Into Africa: The Epic Adventures of Stanley and Livingstone
by Martin Dugard

Language

English

Pages

368

Publication Date

May 06, 2003

Product Description
Customer Reviews
With the utterance of a single line—“Doctor Livingstone, I presume?”—a remote meeting in the heart of Africa was transformed into one of the most famous encounters in exploration history. But the true story behind Dr. David Livingstone and journalist Henry Morton Stanley is one that has escaped telling. <i>Into Africa </i>is an extraordinarily researched account of a thrilling adventure—defined by alarming foolishness, intense courage, and raw human achievement.<br /><br /> In the mid-1860s, exploration had reached a plateau. The seas and continents had been mapped, the globe circumnavigated. Yet one vexing puzzle remained unsolved: what was the source of the mighty Nile river? Aiming to settle the mystery once and for all, Great Britain called upon its legendary explorer, Dr. David Livingstone, who had spent years in Africa as a missionary. In March 1866, Livingstone steered a massive expedition into the heart of Africa. In his path lay nearly impenetrable, uncharted terrain, hostile cannibals, and deadly predators. Within weeks, the explorer had vanished without a trace. Years passed with no word.<br /><br /> While debate raged in England over whether Livingstone could be found—or rescued—from a place as daunting as Africa, James Gordon Bennett, Jr., the brash American newspaper tycoon, hatched a plan to capitalize on the world’s fascination with the missing legend. He would send a young journalist, Henry Morton Stanley, into Africa to search for Livingstone. A drifter with great ambition, but little success to show for it, Stanley undertook his assignment with gusto, filing reports that would one day captivate readers and dominate the front page of the <i>New York Herald</i>. <br /><br /> Tracing the amazing journeys of Livingstone and Stanley in alternating chapters, author Martin Dugard captures with breathtaking immediacy the perils and challenges these men faced. Woven into the narrative, Dugard tells an equally compelling story of the remarkable transformation that occurred over the course of nine years, as Stanley rose in power and prominence and Livingstone found himself alone and in mortal danger. The first book to draw on modern research and to explore the combination of adventure, politics, and larger-than-life personalities involved, <i>Into Africa</i> is a riveting read..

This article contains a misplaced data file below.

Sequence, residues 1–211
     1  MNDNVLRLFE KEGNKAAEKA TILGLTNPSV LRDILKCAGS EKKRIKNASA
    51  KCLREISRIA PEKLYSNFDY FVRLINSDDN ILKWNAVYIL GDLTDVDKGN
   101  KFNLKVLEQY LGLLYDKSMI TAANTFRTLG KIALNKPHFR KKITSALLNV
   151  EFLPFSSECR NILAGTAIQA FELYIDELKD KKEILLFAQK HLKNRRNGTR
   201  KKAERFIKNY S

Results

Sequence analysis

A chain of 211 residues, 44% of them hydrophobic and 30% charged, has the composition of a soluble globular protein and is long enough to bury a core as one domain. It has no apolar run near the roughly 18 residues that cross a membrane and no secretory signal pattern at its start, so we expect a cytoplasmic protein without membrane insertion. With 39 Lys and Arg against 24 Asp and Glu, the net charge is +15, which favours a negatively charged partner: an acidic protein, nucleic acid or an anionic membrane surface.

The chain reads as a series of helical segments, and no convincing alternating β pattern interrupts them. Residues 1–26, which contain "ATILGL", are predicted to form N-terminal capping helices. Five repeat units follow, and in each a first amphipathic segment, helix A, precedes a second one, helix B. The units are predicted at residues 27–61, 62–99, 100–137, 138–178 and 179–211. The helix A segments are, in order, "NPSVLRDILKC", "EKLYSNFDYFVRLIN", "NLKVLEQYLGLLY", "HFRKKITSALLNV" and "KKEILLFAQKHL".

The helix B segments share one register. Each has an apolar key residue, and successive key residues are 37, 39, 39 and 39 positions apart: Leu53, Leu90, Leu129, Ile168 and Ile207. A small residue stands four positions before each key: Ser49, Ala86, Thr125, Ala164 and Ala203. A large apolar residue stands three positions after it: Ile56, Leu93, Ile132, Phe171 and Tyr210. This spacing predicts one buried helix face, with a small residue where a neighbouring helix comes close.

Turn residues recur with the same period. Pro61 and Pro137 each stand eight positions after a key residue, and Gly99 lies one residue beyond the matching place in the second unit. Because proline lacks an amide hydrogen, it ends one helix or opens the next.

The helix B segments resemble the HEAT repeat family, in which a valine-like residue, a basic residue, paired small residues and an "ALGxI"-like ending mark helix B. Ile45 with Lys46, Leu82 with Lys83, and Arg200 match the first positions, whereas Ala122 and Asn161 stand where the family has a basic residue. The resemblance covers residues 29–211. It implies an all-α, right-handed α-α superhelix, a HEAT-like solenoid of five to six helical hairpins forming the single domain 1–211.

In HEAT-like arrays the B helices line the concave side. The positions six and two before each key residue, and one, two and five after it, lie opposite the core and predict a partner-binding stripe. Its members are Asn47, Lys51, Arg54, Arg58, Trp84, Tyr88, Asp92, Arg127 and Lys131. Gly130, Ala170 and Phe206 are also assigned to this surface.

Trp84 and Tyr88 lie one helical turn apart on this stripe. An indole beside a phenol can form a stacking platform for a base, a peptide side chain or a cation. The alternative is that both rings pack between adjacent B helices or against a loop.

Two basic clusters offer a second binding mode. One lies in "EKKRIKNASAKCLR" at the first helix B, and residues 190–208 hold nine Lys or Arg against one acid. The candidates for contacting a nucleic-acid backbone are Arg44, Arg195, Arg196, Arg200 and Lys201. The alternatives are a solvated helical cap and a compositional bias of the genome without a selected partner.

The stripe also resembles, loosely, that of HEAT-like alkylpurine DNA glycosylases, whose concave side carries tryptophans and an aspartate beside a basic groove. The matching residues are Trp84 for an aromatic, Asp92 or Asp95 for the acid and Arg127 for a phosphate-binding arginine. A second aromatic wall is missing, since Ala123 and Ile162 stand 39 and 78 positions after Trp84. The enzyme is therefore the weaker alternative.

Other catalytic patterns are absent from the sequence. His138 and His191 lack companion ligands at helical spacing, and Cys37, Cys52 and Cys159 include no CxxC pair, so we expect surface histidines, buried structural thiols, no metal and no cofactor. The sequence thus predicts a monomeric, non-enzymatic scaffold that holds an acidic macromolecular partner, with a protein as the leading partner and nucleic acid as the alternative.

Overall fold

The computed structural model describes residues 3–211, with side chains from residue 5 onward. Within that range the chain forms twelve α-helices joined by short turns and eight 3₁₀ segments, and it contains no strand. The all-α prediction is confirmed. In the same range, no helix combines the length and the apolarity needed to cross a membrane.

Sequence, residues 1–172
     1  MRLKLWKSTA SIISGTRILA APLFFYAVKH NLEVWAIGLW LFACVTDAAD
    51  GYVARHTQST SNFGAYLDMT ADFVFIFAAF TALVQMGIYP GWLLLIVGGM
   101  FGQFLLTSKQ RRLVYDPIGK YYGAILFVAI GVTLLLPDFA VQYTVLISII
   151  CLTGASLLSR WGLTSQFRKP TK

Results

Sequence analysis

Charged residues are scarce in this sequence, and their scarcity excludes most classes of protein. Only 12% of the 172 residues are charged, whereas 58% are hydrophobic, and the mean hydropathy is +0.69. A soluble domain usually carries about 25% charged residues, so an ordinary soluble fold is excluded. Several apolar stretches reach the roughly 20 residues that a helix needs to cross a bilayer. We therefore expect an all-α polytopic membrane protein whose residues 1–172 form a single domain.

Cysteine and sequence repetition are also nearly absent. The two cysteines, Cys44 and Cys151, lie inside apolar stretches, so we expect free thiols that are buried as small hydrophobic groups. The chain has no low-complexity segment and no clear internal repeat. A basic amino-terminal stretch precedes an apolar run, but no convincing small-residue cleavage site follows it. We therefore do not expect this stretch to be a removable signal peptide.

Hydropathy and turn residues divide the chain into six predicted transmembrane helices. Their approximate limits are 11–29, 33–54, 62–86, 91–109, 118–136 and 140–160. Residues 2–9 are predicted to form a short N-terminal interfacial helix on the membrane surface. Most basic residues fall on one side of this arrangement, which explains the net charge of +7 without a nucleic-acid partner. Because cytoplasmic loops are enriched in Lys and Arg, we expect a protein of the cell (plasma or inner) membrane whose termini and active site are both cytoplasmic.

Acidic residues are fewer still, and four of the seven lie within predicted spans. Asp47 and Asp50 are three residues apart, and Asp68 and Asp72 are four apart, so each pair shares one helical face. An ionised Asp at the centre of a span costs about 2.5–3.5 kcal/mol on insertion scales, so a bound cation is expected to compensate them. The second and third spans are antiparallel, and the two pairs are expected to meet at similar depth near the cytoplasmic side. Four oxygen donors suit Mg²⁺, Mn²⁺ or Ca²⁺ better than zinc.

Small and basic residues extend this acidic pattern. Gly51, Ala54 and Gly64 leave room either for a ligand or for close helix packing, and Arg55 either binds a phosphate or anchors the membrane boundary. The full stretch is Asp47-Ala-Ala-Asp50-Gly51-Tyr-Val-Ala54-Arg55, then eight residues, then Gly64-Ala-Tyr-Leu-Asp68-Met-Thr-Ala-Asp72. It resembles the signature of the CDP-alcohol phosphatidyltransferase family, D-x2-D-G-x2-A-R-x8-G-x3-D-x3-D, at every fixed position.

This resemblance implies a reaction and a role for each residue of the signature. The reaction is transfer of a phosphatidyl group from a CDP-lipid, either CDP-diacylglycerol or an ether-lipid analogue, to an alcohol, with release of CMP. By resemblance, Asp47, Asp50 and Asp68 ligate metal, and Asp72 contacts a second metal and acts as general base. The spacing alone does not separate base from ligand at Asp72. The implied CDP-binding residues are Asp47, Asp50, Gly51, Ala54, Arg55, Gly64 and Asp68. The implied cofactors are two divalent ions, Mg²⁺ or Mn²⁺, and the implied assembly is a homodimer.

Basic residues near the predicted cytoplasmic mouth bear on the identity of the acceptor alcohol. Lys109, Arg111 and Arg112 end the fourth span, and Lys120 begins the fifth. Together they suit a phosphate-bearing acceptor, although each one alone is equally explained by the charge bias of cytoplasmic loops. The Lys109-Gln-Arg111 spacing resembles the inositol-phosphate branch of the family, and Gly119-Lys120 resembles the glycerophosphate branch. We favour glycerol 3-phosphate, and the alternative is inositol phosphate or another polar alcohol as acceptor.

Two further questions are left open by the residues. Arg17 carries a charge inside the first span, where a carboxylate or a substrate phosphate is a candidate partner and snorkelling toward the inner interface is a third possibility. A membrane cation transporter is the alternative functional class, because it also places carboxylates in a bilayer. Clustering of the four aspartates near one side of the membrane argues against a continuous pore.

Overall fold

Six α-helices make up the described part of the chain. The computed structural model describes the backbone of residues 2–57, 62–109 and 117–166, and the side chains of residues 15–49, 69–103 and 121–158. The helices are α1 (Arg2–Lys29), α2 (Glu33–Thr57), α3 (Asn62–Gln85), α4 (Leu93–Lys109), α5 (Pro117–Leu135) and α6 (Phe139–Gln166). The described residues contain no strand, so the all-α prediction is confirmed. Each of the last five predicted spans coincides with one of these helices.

An Army at Dawn: The War in North Africa, 1942-1943, Volume One o...
by Rick Atkinson

Language

English

Pages

681

Publication Date

February 22, 2002

Product Description
Customer Reviews